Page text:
Since the 2016 US presidential election, a number of political cartoons have been produced that depict Donald Trump as an infant or toddler. He is drawn in diapers and with any number of objects we associate with young children, as well as engaging in behaviours such as crying, whining, and melting down. As a genre, the political cartoon offers complex readings, yet this particular phenomenon, in its repeated renderings, seems to signal just as much, if not more, animosity toward children than toward Trump. The question is, who is the real object of critique in these visual displays? What are the assumptions that cartoonists have about children, and how is the child deployed in and through these images? In this work, we examined thirty political cartoons depicting Trump as an infant or toddler, along with related artifacts, dating from 2015 to 2018. We discuss the ways that the cartoonists rely on stereotyped affects and behaviours of childhood to express purportedly progressive notions of equity. The effect of this growing archive of images, however, may betray those objectives, instead enacting power over the figure of the child.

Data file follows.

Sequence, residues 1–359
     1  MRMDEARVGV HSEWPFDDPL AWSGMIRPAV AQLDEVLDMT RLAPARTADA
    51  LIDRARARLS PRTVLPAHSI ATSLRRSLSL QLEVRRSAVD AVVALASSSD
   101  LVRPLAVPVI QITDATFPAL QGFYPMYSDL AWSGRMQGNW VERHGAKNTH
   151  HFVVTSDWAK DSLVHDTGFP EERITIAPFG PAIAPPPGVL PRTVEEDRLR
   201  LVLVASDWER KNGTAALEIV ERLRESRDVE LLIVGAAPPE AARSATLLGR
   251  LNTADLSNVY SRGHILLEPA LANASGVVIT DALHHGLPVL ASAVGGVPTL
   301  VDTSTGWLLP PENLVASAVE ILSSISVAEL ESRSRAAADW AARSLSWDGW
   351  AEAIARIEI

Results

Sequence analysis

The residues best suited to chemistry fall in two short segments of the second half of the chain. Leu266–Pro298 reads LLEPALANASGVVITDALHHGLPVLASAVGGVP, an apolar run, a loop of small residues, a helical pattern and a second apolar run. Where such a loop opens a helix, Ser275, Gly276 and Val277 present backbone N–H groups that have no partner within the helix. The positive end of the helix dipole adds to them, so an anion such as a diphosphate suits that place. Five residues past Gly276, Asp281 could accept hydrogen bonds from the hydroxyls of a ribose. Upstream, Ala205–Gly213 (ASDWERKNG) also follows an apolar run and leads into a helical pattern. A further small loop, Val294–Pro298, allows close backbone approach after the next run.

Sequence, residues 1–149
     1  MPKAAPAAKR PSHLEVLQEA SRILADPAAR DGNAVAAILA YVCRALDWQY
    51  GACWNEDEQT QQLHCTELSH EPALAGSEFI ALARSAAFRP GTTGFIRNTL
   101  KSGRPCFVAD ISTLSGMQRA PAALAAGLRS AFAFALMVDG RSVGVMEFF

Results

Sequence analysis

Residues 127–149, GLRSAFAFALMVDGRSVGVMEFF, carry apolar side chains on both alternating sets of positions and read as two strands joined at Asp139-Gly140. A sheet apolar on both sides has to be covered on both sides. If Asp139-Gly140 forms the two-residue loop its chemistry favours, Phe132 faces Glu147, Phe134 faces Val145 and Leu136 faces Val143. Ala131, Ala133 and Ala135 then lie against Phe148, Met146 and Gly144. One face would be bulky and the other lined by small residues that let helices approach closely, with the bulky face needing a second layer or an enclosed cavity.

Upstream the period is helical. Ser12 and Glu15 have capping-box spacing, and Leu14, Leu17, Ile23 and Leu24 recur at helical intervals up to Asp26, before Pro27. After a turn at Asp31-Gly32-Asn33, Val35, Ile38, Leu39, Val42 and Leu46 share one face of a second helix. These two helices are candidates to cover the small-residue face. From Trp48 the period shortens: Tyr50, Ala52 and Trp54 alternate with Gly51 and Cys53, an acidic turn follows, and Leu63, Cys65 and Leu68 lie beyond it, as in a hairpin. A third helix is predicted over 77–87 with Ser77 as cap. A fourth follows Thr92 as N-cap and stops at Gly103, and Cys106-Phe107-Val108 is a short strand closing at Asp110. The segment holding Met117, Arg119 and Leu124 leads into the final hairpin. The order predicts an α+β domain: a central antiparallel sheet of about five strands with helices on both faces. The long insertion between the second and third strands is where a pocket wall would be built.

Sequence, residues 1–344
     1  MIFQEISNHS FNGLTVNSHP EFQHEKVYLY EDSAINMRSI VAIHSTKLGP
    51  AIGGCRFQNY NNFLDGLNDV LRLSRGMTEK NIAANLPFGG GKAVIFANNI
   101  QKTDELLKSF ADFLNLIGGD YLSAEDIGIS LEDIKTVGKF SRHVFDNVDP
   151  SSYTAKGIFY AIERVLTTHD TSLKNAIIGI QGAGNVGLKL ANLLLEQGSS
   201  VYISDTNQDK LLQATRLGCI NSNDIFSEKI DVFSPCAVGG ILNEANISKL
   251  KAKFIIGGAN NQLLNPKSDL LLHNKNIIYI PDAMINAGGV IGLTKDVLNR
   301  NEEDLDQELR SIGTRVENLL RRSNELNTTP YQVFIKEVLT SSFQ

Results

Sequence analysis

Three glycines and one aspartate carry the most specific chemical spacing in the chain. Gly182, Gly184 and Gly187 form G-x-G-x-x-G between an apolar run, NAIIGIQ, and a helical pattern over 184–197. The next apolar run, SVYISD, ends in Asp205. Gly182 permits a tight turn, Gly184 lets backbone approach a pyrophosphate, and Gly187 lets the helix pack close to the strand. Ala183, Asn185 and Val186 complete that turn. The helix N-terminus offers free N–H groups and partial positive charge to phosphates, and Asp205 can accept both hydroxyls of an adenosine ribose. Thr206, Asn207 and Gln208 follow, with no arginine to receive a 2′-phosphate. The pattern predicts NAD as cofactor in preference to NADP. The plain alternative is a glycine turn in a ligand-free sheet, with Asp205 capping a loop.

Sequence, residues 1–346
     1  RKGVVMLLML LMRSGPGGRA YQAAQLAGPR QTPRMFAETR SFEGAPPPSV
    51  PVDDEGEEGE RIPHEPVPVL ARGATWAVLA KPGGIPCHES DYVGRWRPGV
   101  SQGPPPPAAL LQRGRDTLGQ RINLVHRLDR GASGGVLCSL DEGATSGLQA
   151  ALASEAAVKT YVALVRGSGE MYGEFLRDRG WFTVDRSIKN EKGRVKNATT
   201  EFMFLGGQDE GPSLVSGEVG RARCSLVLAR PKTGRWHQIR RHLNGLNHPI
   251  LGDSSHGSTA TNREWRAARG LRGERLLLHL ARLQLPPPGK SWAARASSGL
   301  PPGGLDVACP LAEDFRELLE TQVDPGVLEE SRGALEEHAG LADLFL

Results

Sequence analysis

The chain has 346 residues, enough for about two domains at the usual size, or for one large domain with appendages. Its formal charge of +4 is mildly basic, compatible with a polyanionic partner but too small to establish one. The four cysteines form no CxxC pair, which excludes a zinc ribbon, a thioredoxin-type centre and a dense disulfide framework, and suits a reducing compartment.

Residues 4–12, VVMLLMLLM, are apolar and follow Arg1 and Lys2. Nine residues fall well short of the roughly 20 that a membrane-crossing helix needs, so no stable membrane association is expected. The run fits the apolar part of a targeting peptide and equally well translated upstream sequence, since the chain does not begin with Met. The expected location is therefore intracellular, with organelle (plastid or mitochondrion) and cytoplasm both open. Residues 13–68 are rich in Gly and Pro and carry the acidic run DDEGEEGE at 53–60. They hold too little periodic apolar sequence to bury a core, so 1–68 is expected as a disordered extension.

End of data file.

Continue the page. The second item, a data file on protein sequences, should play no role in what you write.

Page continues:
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pp. 14-34
Launched on MUSE
Open Access
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